When the next ques­tion came up, about Canada’s po­si­tion on the ex­por­ta­tion of drink­ing wa­ter, most of the can­di­dates were against the bulk ex­por­ta­tion of wa­ter and the Con­ser­va­tive gov­ern­ment’s ef­forts to com­mer­cial­ize wa­ter. When the Con­ser­va­tive can­di­date an­swered “We’re com­mit­ted to pro­tect­ing wa­ter and ecosys­tems; the Con­ser­va­tives will not do crazy things with wa­ter”, there was an au­di­ble groan from the au­di­ence with sev­eral queries of “What about the tar sands?”

The en­vi­ron­ment was the topic af­ter a young woman from the au­di­ence asked why none of the par­ties had “piggy-backed” with the Green party, which re­ceived al­most a mil­lion votes in the last elec­tion. “We have an en­vi­ron­men­tal chal­lenge and if we don’t meet that chal­lenge, we’re fin­ished...En­vi­ron­ment is not an is­sue in this elec­tion; we’re re­ced­ing. Peo­ple can make it an is­sue by vot­ing for the Green party. And you don’t have to worry about the Con­ser­va­tive get­ting in here – the Bloc is go­ing to win. So if the en­vi­ron­ment is a moral is­sue for you, vote for the Green Party,” said Mr. Cald­well with his usual frank­ness. Mr Hogg com­mented: “We need en­vi­ron­men­tal laws and to in­vest in re­search and de­vel­op­ment, al­ter­nate en­er­gies. We need a bal­ance be­tween eco­nomic de­vel­op­ment and sus­tain­able use of nat­u­ral sur­round­ings.”

Stanstead East’s Ge­orge Weller, who was in the long line of cit­i­zens wait­ing for their turn at the mi­cro­phone, asked: “How many of you sup­port the CanUsa Pro­ject – the pro­ject that would al­low any­one legally in Canada or the United States to freely cross the bor­der?” Mr. Cald­well spoke about the shared cul­tures of New Eng­land and Que­bec, men­tion­ing in par­tic­u­lar the Amer­i­can Tillotson Fam­ily who re­cently do­nated a moun­tain to the vil­lages of Ste. Hermenegilde and East Here­ford. And he knows first­hand how the tighter bor­der can com­pli­cate mat­ters: one of his em­ploy­ees has just been barred from en­ter­ing the United States for five years.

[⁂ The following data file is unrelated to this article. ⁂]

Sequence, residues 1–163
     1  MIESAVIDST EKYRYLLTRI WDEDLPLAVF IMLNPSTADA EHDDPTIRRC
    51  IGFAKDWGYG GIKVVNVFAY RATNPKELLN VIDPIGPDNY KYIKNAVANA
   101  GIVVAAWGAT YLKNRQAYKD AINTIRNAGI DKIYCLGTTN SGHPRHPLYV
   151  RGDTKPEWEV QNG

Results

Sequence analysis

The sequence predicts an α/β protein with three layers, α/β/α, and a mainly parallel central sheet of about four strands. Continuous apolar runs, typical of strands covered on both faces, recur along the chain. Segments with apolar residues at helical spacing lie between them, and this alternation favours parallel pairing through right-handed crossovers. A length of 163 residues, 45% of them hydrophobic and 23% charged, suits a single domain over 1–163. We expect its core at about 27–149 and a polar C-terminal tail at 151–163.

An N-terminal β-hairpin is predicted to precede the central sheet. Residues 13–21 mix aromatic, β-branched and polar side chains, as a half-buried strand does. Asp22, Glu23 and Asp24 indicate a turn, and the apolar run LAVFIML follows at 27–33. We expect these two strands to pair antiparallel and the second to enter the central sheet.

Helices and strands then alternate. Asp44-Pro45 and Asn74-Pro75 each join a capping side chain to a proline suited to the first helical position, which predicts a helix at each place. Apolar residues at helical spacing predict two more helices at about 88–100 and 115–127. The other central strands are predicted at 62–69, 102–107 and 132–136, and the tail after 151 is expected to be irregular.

Mr. Hogg, who at­tended the first CanUsa Pro­ject meet­ing, said: “If Harper gets in he will con­tinue to close borders, like the one in Beebe. We need to keep borders fluid and friendly.” “It’s not true that we’re clos­ing borders. The CanUsa Pro­ject is a very good pro­ject and I will back that. There were rea­sons why some borders closed,” coun­tered the Con­ser­va­tive.

“The prob­lem started when the Lib­er­als closed the RCMP post in Coat­i­cook. Eight Bloc de­putees have borders in their rid­ings so we vis­ited the Amer­i­can Am­bas­sadors and ex­plained that some of the borders were clos­ing. They didn’t know about it,” said Mrs. Bon­sant.

The loud­est ap­plause of the evening came af­ter a ques­tion about corruption and the lack of bid­ding on con­tracts, when Mr. Cald­well com­mented: “This gov­ern­ment is not re­spect­ing democ­racy. They’re will­ing to go to any means to the ends and you should throw the b******* out and elect some­one else!” Ac­cord­ing to Mr. Hogg, the price tag for the F35 jets that were or­dered by the Con­ser­va­tive gov­ern­ment with­out go­ing to bids could ap­proach $40 bil­lion. “There was no bid­ding be­cause we are or­der­ing them with other coun­tries,” ex­plained Mrs. Gres­sard Be­langer.

At 9:00 pm, when the de­bate was sup­posed to end, those who were still in line and hadn’t had a chance to ask their ques­tions, as well as a few in the au­di­ence, got quite vo­cal, so the can­di­dates agreed to con­tinue a lit­tle longer. The is­sues of form­ing a coali­tion gov­ern­ment to oust the Con­ser­va­tives, pro­por­tional rep­re­sen­ta­tion and the le­gal­iza­tion of mar­i­juana were all brought up, draw­ing some sur­pris­ing an­swers out of the vis­i­bly tired can­di­dates. “Mar­i­juana is not the same to­day as it was 20 years ago,” said the Con­ser­va­tive who was then asked if she had tried it. “Not re­cently, but a long time ago maybe.” Mr. Hogg men­tioned the Young Lib­er­als and their in­ter­est in the de­crim­i­nal­iza­tion of mar­i­juana. Mrs. Bon­sant said she was for de­crim­i­nal­iz­ing mar­i­juana for med­i­cal rea­sons, as long as it’s not sup­plied by the Hell’s An­gels, and got the last laugh from the crowd when she con­cluded with: “One joint, one at a time, never killed any­body!”

Jaime Dun­ton (cen­tre) mod­er­ated the de­bate of the four can­di­dates (l. to r.) Bon­sant, Wil­liam Hogg, Gary Cald­well and San­drine Gres­sard Be­langer.